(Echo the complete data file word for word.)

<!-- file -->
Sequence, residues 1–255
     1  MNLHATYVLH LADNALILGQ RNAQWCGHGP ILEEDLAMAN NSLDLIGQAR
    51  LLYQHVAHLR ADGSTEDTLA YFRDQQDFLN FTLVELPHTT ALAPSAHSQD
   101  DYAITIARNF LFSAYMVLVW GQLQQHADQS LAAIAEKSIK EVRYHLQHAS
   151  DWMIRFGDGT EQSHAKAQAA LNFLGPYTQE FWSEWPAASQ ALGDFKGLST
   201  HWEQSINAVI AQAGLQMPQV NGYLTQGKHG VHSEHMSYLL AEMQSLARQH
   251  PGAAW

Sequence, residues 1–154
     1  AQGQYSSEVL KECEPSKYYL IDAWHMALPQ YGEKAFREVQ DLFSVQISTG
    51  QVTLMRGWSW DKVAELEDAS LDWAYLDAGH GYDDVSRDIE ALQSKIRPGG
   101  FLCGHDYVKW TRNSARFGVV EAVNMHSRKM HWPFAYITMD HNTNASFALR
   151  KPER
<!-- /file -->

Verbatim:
Sequence, residues 1–255
     1  MNLHATYVLH LADNALILGQ RNAQWCGHGP ILEEDLAMAN NSLDLIGQAR
    51  LLYQHVAHLR ADGSTEDTLA YFRDQQDFLN FTLVELPHTT ALAPSAHSQD
   101  DYAITIARNF LFSAYMVLVW GQLQQHADQS LAAIAEKSIK EVRYHLQHAS
   151  DWMIRFGDGT EQSHAKAQAA LNFLGPYTQE FWSEWPAASQ ALGDFKGLST
   201  HWEQSINAVI AQAGLQMPQV NGYLTQGKHG VHSEHMSYLL AEMQSLARQH
   251  PGAAW

Sequence, residues 1–154
     1  AQGQYSSEVL KECEPSKYYL IDAWHMALPQ YGEKAFREVQ DLFSVQISTG
    51  QVTLMRGWSW DKVAELEDAS LDWAYLDAGH GYDDVSRDIE ALQSKIRPGG
   101  FLCGHDYVKW TRNSARFGVV EAVNMHSRKM HWPFAYITMD HNTNASFALR
   151  KPER